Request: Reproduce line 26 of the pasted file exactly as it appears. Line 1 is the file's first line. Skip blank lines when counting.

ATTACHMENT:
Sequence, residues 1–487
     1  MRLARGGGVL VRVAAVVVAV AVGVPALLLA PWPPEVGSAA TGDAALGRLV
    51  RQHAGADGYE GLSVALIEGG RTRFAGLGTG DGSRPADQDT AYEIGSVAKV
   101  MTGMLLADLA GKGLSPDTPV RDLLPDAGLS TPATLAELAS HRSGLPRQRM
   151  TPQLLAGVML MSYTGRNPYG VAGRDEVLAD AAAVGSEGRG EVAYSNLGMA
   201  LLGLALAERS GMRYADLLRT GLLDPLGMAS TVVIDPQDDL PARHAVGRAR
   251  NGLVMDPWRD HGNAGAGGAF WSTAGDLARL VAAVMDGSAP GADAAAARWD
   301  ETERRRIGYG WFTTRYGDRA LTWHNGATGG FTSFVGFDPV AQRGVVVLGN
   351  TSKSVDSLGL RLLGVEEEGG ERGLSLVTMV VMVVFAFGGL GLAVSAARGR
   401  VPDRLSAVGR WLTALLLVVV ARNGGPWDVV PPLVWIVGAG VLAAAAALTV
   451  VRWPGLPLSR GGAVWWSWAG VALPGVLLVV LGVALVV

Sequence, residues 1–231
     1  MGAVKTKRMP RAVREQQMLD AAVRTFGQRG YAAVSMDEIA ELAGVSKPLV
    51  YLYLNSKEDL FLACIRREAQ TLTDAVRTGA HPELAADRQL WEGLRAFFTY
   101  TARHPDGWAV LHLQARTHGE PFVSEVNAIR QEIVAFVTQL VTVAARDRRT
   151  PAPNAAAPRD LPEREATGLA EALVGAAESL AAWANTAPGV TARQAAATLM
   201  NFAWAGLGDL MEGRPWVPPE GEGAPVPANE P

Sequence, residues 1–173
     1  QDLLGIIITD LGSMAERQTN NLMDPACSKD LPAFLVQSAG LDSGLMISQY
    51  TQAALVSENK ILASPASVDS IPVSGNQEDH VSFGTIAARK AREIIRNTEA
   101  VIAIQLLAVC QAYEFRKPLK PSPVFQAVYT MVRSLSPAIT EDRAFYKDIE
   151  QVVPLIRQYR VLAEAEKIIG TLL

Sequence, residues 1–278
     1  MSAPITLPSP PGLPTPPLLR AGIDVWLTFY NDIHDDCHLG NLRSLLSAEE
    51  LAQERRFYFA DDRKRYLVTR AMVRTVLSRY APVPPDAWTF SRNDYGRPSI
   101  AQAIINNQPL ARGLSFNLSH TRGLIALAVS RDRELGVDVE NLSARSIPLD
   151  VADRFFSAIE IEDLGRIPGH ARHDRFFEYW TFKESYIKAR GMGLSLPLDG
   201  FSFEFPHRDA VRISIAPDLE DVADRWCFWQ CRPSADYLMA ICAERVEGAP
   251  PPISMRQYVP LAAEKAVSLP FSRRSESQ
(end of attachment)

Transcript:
   101  AQAIINNQPL ARGLSFNLSH TRGLIALAVS RDRELGVDVE NLSARSIPLD